THEODORE DALRYMPLE

Is there a better social commentator in the English-speaking world than Theodore Dalrymple?

The name is a pseudonym he’s now stuck with which he adopted of necessity back in the 1980s after he began writing for The Spectator about his experiences as a prison doctor.

He’s a brilliant, prolific and often amusing wordsmith who doesn’t pull his punches about the criminal and underclasses’ relentless stupidity and grossness and the nonsense of much prison reform efforts.

I’ve just read his 2012 volume of essays entitled Farewell Fear covering an extraordinary range of subjects. Every paragraph is a delight.

Politically one might describe him as an open-minded conservative though not a libertarian as he views much of today’s free expression as socially irresponsible mindlessness. So it sometimes is but that doesn’t negate the overwhelming virtues of individual liberty.

In some respects he reminds me of the post-war Evelyn Waugh in his cynicism about the contemporary world and the excesses of welfarism, which leads to so much slothful dependency.

But he lacks Evelyn’s gloom and humour which probably sounds contradictory, but Evelyn managed it, specially with his novella “Love Among the Ruins.” In fact in his wonderfully funny 1928 first major novel “Decline and Fall”, Evelyn poked fun at prison reformers. And that’s nearly a century ago.

But it was his futuristic 1953 “Love Among the Ruins” that he really piled into the proposition that the criminal classes are victims.

There are numerous very good commentators writing today, specially in Britain, but Dalrymple has a specially unique whimsical touch. Read him. You’ll thank me.

POSTSCRIPT: Come to think of it he was out here in the 1990s and addressed the Press Club. I had a chat with him and his wife afterwards. They were suitably gloomy.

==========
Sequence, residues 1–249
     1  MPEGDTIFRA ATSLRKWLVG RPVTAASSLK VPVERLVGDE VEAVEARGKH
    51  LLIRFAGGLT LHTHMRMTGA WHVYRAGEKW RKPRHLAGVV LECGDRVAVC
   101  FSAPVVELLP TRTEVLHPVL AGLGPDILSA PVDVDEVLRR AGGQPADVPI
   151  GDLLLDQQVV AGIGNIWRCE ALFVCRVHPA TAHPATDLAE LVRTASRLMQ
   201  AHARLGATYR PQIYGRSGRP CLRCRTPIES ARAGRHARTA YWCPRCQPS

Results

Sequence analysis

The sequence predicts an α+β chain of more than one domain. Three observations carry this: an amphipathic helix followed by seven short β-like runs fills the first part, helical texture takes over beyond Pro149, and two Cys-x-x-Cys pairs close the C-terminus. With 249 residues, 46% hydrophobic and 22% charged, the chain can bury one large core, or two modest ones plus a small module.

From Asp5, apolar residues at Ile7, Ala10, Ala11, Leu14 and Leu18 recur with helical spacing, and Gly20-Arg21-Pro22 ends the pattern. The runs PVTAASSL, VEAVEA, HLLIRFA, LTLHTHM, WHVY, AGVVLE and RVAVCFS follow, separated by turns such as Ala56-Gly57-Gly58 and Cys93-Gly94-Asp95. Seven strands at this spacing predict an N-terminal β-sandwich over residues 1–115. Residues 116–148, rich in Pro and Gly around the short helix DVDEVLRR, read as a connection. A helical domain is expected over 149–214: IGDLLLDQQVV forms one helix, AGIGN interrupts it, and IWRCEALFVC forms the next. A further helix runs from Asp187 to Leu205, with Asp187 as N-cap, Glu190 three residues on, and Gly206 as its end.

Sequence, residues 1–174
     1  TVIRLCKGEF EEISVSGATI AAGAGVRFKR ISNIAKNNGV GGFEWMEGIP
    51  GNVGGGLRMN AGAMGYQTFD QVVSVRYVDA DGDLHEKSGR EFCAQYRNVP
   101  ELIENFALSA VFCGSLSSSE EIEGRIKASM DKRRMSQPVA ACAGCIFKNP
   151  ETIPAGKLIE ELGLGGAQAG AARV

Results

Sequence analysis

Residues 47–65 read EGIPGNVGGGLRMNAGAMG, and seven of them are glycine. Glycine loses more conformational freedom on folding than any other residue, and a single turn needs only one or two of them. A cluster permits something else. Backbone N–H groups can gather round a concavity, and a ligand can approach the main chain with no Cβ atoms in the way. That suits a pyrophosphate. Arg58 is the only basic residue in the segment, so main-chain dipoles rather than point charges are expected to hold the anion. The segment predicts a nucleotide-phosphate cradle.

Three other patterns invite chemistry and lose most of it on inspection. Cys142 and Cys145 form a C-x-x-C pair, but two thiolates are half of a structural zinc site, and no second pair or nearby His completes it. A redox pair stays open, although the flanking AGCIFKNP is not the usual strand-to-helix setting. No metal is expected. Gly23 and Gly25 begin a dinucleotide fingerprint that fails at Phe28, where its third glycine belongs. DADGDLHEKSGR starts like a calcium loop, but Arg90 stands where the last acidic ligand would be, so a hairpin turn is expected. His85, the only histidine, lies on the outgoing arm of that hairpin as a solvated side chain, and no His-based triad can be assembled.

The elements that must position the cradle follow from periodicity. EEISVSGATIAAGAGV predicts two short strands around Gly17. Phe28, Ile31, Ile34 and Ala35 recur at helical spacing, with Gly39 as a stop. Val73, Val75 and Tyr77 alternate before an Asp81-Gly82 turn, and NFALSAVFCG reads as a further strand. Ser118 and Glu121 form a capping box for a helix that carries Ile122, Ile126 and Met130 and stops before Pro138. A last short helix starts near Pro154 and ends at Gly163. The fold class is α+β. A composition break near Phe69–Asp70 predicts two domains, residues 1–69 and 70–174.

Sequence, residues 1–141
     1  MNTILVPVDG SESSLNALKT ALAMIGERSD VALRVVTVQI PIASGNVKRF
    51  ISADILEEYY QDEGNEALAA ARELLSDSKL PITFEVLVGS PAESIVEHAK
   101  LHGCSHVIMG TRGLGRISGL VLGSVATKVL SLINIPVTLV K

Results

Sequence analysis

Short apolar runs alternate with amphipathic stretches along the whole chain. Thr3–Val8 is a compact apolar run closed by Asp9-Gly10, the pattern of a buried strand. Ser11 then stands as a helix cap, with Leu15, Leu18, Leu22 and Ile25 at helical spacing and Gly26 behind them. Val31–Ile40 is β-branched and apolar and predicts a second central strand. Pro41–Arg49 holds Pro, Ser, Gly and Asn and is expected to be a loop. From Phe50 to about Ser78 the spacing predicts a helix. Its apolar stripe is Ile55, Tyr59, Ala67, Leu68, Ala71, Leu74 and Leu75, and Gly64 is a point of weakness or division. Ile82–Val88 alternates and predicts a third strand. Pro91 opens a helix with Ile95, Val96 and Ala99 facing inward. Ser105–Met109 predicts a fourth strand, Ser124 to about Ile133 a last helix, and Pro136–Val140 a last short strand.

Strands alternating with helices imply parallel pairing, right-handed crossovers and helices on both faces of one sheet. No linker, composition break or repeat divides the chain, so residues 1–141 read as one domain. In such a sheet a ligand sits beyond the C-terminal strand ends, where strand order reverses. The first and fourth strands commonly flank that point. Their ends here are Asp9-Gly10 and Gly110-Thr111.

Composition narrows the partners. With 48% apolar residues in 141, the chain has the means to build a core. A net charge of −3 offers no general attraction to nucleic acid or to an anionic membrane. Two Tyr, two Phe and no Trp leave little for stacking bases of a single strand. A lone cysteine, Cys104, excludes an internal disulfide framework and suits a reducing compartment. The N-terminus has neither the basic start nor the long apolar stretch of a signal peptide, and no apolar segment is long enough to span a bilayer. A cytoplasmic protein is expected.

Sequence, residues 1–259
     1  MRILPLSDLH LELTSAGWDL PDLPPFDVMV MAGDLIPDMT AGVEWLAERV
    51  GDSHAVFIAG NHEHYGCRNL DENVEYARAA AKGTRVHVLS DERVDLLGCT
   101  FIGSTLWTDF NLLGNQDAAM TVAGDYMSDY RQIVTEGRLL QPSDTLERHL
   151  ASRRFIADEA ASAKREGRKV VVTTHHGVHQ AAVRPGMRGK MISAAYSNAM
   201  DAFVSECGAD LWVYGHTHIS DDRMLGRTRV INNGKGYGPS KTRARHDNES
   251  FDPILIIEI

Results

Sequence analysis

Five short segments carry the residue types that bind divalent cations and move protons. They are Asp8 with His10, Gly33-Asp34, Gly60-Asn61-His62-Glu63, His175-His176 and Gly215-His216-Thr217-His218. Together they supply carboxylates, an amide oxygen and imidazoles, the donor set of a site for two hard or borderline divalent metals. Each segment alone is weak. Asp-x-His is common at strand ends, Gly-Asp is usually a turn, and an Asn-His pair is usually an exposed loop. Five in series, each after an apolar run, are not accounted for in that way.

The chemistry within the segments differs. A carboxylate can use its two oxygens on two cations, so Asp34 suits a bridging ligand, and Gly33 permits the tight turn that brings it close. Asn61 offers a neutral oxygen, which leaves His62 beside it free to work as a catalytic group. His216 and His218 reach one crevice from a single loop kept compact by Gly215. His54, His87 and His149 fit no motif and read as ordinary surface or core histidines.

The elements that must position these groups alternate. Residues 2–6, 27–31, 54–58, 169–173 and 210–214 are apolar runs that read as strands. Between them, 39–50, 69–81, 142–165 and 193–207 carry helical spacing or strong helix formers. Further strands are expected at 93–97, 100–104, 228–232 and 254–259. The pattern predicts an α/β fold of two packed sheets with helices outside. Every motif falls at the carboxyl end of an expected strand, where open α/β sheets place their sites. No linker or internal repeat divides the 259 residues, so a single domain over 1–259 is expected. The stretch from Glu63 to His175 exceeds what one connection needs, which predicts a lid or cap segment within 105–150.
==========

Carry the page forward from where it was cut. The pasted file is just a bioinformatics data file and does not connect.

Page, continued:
7 Comments

I agree Bob. Theodore is a great writer and social commentator. I wonder if any NZ newspaper would print his columns? Sadly, I doubt it.

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You are right Sir Bob. Theodore is a great writer and social commentator. I wonder if any NZ newspaper would publish his columns? Sadly, I doubt it.

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Agreed. Some of his articles are available online at Taki’s Mag https://www.takimag.com/contributor/tonydaniels/314/

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You can keep up with a lot of his writing here: http://www.skepticaldoctor.com/

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I loved his interviews with bullies in nick who felt they weren’t responsible for beating their wives/girlfriends. The no fault principle is rife.

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He spoke in Wellington at a debate organised by the NZBR from memory. They put him up against Sue Bradford which was quite comical because Sue didn’t really understand his subtle perspicacity. She’d prepared to go head to head with a right-wing welfare reformist but he was miles ahead. Must say I didn’t find him gloomy. He was surprisingly warm which I expect accompanies his bedside manner with woebegone patients. ‘Life at the Bottom’ is a brilliant book.

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His real name (not a secret) is Anthony Daniels. I met him in the early 2000s at what I recollect was an Act Party conference (though it could have been the Business Roundtable as Lindsay recalls; the two groups were much the same for a while). He was the guest speaker. The DomPost headlined the article of my interview with him “Dr Grumpy and his bitter pills,” which was a good summation of the article’s content. He seemed downhearted that civilisation had ended because people in Britain walked along the road eating food as they went. He was brilliant!

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